I’m currently reading a fascinating book called “Big Potential” by Shawn Achor. Shawn is a leading researcher and educator on happiness. His research led him to write this book on big potential as he recognized one societal issue leading to extreme rates of depression and ultimately oppressing potential happiness.
We are taught from birth up through the formal schooling system that individual excellence and achievement are the top predictors of success. As parents we get excited when are children are the smartest, the fastest, the strongest, the cutest, and the list goes on and on. In every situation mentioned, we are actually comparing our kids with others in order to lift ours up at the expense of others. If you follow the data, and Shawn Achor has, you find that many individual achievers suffer from depression and many ultimately take their own life.
This hard-core drive and belief in individual excellence is pushed based on the concept of “Survival of the Fittest.” Survival of the fittest states that only the best survives. The only way to succeed in the world is to be the best. The problem with striving for greatness is that there is always someone better or ready to take your place on the throne.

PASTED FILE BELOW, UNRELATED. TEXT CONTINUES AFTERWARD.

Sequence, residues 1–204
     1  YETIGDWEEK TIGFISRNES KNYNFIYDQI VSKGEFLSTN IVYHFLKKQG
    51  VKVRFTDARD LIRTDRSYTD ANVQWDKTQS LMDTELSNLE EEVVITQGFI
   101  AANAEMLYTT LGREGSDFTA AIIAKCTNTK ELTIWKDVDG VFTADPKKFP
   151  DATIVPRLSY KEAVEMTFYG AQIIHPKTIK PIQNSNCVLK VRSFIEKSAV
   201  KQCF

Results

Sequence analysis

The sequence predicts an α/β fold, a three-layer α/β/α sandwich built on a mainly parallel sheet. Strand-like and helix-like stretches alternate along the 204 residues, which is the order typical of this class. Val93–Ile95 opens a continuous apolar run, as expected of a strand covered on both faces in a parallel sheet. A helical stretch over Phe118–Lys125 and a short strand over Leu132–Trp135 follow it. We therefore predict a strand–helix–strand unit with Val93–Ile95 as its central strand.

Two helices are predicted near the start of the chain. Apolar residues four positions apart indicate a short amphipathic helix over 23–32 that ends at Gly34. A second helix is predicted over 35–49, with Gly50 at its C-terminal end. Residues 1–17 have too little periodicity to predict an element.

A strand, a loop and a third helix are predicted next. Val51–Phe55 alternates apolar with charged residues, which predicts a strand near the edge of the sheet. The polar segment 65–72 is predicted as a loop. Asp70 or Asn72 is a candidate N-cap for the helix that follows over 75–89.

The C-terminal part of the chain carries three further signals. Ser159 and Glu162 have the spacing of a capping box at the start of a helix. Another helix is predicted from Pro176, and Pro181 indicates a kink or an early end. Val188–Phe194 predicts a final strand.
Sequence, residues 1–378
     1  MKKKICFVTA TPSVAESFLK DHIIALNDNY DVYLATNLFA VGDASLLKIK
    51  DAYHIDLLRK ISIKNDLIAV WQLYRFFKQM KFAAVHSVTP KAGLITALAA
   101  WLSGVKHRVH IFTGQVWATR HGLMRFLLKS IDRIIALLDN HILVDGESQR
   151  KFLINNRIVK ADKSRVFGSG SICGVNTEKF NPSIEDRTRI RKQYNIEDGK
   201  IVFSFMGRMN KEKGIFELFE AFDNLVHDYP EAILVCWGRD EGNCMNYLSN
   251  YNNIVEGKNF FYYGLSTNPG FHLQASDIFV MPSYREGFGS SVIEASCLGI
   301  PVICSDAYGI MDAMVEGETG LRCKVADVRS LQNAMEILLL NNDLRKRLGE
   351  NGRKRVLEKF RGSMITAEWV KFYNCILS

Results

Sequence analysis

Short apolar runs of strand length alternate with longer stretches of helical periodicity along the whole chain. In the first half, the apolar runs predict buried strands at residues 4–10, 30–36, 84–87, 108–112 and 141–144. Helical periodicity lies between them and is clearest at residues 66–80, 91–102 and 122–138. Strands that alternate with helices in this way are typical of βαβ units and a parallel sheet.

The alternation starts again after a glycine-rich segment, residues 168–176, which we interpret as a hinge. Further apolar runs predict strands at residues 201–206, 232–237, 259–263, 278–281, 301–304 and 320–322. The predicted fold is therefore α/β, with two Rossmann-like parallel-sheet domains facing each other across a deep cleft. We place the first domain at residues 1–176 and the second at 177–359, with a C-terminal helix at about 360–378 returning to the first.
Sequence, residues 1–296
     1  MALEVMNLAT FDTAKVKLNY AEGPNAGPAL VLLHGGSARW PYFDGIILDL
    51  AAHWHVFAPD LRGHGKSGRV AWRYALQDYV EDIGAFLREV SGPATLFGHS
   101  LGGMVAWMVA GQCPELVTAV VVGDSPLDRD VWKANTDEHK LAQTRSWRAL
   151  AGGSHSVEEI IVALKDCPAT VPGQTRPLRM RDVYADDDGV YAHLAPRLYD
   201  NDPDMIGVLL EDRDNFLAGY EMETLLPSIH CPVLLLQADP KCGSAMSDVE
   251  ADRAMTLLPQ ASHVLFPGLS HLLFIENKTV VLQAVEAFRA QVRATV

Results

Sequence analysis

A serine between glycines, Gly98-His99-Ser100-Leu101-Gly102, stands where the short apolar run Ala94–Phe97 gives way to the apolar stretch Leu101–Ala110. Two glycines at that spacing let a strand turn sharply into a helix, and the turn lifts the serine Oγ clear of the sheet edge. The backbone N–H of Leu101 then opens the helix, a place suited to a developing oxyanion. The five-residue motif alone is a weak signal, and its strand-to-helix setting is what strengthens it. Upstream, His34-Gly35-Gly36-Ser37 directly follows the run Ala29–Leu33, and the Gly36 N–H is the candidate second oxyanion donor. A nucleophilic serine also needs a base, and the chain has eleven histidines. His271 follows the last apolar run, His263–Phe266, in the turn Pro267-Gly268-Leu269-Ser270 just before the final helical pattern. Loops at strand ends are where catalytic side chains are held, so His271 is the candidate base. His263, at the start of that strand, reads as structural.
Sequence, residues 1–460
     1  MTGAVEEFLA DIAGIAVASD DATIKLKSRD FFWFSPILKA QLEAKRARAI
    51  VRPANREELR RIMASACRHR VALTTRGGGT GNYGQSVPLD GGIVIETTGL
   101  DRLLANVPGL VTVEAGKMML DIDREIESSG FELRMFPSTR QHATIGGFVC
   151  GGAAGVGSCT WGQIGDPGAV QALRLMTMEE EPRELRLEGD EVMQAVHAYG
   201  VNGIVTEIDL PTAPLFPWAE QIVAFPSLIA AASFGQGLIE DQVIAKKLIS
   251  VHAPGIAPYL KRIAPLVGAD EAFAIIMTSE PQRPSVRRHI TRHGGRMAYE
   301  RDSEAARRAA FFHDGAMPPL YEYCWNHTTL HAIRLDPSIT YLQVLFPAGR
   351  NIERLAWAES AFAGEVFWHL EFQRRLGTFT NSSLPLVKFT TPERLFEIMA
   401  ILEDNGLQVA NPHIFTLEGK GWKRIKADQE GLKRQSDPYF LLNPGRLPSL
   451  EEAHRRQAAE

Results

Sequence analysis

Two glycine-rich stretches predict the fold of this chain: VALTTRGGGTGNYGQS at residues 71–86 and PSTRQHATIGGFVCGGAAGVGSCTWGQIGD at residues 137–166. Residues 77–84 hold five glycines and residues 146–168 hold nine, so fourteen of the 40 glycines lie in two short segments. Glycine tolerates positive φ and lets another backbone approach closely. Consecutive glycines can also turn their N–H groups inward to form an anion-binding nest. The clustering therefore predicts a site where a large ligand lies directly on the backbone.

As a child, I remember playing a game called king of the hill. A group of us would find a big dirt or gravel hill and fight to get to the top. The person on top was king and he had to fight off every other person trying to take his spot. The feeling of knocking the old king off his throne to take my rightful place was wonderful, until splat, I found myself rolling back down with the others. This may be a fun game for kids, but no way to life a happy life.
Shawn Achor introduces a new concept that seems to be more accurate based on his research. “Achieving our highest potential is not about survival of the fittest; it is, survival of the best fit”
We need others!
Those that can connect with and collaborate with other people is in the best position to contribute effectively to the world around them, and ultimately have personal happiness as well due to these relationships.
Success is based on working best with others.
Remember, social skills are not natural, they are learned and learnable. If you are not a natural, don’t fret, it’s why we teach what we do at Stop Clowning Around and you will find that CPR is just for you.
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